Mythosaur Guide

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A handful of creatures in Star Wars are mentioned but never shown. Womprats and others are mentioned in one-liners by various characters, but because we as the viewer don’t know what the animal looks like, whatever joke the writers attempted loses some of its ‘oomph.’ One creature that has only been mentioned in hushed tones and folk tales comes from Mandalore, the Mythosaur, one of the view species of fauna that inhabited the planet.

In addition to being one of the more giant creatures in the Star Wars galaxy, the Mythosaur is one of the symbolic lynchpins of Mandalorian culture. After conquering its native planet, the Mythosaur skull became a symbol of Mandalore and the Mandalorian people. The Mythosaur is not in any mainline Star Wars media thus far, despite its significant in-universe influence on Mandalorian culture. However, the upcoming season of The Mandalorian may feature an appearance of the legendary creature on the eponymous character’s cultural homeworld, providing him with a challenge to overcome and a means of raising the Mandalorians up from the sewers and back into galactic legend.

Bottom Line Up Front

Mythosaur Skull Sigil
Image from Wiki Fandom

The main thing to keep in mind about the Mythosaur is its sheer size-these things were big. I’m not talking Jabba’s Rancor big, either. Some Legends storylines described four-legged bone-armored reptiles the size of a small city. The fact of its size puts the strength of the Mandalorian people into perspective: the Mythosaurs were the dominant species of their planet, utterly unopposed by any other native species. And then a group of insane warrior-zealots wiped them ALL out.

The proto-Mandalorians pitted their new warriors against these giant creatures as a means of proving themselves: to tame one was to prove a Mandalorian’s skill with animals, to kill one was to cement their prowess as a warrior. After their extinction, they became invariably linked with the Mandalorian leadership and were a proud symbol of their culture. For the galaxy at the time of The Mandalorian, Mythosaurs only exist in folklore and prophecies of Mandalorians in exile. However, there are certain (subtle) narrative signs that one may have skirted out an existence in the mines beneath Mandalore.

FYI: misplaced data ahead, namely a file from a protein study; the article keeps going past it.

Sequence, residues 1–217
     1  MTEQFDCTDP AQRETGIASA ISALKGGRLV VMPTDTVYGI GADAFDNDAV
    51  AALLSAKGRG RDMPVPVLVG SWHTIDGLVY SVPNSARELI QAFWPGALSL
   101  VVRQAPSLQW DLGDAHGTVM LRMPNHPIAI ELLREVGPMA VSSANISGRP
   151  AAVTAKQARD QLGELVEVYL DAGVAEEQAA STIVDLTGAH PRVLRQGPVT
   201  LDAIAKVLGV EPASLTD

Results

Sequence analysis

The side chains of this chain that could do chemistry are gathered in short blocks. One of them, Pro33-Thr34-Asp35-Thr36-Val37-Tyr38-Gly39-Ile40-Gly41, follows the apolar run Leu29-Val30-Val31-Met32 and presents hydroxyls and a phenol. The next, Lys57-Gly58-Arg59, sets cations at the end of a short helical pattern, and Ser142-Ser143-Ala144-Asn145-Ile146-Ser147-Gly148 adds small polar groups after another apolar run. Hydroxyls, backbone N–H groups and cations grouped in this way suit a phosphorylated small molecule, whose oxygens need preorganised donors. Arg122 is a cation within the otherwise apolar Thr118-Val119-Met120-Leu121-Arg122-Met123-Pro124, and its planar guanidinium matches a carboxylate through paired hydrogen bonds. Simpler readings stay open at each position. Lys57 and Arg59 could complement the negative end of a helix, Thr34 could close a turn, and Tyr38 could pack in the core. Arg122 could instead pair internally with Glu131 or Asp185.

The New Hunters

The beginnings of Mandalorian society are sparse, as far as the official Canon is concerned. Much of the origins mentioned are broad and vague: the Mandalorians came and conquered. They “rode the great Mythosaur,” Kuiil states in The Mandalorian’s pilot. Yet the Armorer, in The Book of Boba Fett, remarks that the Mythosaur has passed into myth and legend. One such legend foretold that the Mythosaur’s return would herald a new age of Mandalore, but the Star Wars media so far has not laid out much of Mandalore’s history at its foundation. Legends have plenty of material, which may be labeled as Canon in later iterations.

The Taung’s Wild Hunt

Image from Wiki Fandom

In Legends’ storylines, the first Mandalorians originated from the planet of Coruscant. They were the Taung, a humanoid subspecies which fought a bloody war against another subspecies called the Shell. In-universe historians have speculated that the Shell were real humans, but that’s beside the point. The Taung fought, lost, and fled the war on their homeworld and hid on a moon in the Outer Rim.

The Taung was already a proud warrior race, so cowering in exile was never going to last long. Soon enough, a Taung warrior who would come to be known as Mandalore the First led his people to conquer the world that would bear his name. He set the stage for the warrior culture, who renamed themselves Mandalorians (meaning the “Children of Mandalore), and began a civilization destined for galactic infamy.

In the process of securing their homeworld (mass species genocide), the Mandalorians tamed and (in most cases) ruthlessly hunted the native Mythosaurs. The skull of the extinct Mythosaur became one of the central symbols in Mandalorian iconography for generations after Mandalore the First. The Mythosaur’s skull was used as the emblem for the Neo-Crusaders, Galactic Republic-era Mandalorians, and as the logo for a Mandalorian shipbuilding company.

Boba Fett’s (and therefore Jango Fett’s) bore that same symbol in movies and shows, without even knowing what it looks like outside concept art. One Legends comic does present a scenario where an artisan comes close to recreating the Mythosaurs appearance, somewhat similar to how Jurassic Park “accurately” recreated how dinosaurs looked pre-extinction.

Welcome to Mythosaur Park

I swear I’m not kidding- a Star Wars Legends story sees a Mandalorian– a member of a historically stern warrior race, create a Jurassic Park-esque theme park to attract thrill-seeking tourists after the Rise of the Galactic Empire. The theme park’s authenticity, specifically the Mythosaur replicas, was questioned and it was ultimately never opened. The newly dubbed “City of Bone” was sold to the Imperial garrison on Mandalore soon after it became defunct.

Years into the Empire’s reign, it became the headquarters of an Imperial Slaver called the Suprema for a time before its destruction at the hands of the new Mandalorian Protectors, a fundamentalist sect within the Legends storylines. The Mythosaur in the park was gargantuan, but such a massive skeleton received criticism from other Mandalorians for not being big enough. If nothing else is consistent across canons, the Mythosaur’s massive size certainly is.